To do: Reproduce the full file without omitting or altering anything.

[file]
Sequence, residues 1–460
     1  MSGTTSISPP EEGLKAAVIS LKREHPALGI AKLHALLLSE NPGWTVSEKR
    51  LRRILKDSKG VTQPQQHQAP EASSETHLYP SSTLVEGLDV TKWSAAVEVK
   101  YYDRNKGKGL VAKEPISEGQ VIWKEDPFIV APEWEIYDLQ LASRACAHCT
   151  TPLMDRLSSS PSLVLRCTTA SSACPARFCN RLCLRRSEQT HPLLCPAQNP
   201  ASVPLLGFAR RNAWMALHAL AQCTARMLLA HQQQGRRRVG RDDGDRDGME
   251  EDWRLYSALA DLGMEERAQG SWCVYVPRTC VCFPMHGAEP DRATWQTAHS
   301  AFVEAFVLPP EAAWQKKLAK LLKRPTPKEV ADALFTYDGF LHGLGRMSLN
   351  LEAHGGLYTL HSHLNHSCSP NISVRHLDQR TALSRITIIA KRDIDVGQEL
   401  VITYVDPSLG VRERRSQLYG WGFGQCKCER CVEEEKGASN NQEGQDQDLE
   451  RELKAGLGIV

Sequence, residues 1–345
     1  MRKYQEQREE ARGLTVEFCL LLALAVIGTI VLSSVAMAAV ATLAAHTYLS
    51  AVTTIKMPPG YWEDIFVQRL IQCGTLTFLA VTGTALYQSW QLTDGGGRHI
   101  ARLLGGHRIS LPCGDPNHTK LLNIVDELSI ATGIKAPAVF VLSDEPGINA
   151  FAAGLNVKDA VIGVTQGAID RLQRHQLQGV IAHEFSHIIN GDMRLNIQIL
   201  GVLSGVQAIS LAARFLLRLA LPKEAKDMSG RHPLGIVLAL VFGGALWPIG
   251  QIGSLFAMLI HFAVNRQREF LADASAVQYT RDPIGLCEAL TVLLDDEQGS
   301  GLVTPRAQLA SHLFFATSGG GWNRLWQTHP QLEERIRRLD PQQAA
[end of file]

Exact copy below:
Sequence, residues 1–460
     1  MSGTTSISPP EEGLKAAVIS LKREHPALGI AKLHALLLSE NPGWTVSEKR
    51  LRRILKDSKG VTQPQQHQAP EASSETHLYP SSTLVEGLDV TKWSAAVEVK
   101  YYDRNKGKGL VAKEPISEGQ VIWKEDPFIV APEWEIYDLQ LASRACAHCT
   151  TPLMDRLSSS PSLVLRCTTA SSACPARFCN RLCLRRSEQT HPLLCPAQNP
   201  ASVPLLGFAR RNAWMALHAL AQCTARMLLA HQQQGRRRVG RDDGDRDGME
   251  EDWRLYSALA DLGMEERAQG SWCVYVPRTC VCFPMHGAEP DRATWQTAHS
   301  AFVEAFVLPP EAAWQKKLAK LLKRPTPKEV ADALFTYDGF LHGLGRMSLN
   351  LEAHGGLYTL HSHLNHSCSP NISVRHLDQR TALSRITIIA KRDIDVGQEL
   401  VITYVDPSLG VRERRSQLYG WGFGQCKCER CVEEEKGASN NQEGQDQDLE
   451  RELKAGLGIV

Sequence, residues 1–345
     1  MRKYQEQREE ARGLTVEFCL LLALAVIGTI VLSSVAMAAV ATLAAHTYLS
    51  AVTTIKMPPG YWEDIFVQRL IQCGTLTFLA VTGTALYQSW QLTDGGGRHI
   101  ARLLGGHRIS LPCGDPNHTK LLNIVDELSI ATGIKAPAVF VLSDEPGINA
   151  FAAGLNVKDA VIGVTQGAID RLQRHQLQGV IAHEFSHIIN GDMRLNIQIL
   201  GVLSGVQAIS LAARFLLRLA LPKEAKDMSG RHPLGIVLAL VFGGALWPIG
   251  QIGSLFAMLI HFAVNRQREF LADASAVQYT RDPIGLCEAL TVLLDDEQGS
   301  GLVTPRAQLA SHLFFATSGG GWNRLWQTHP QLEERIRRLD PQQAA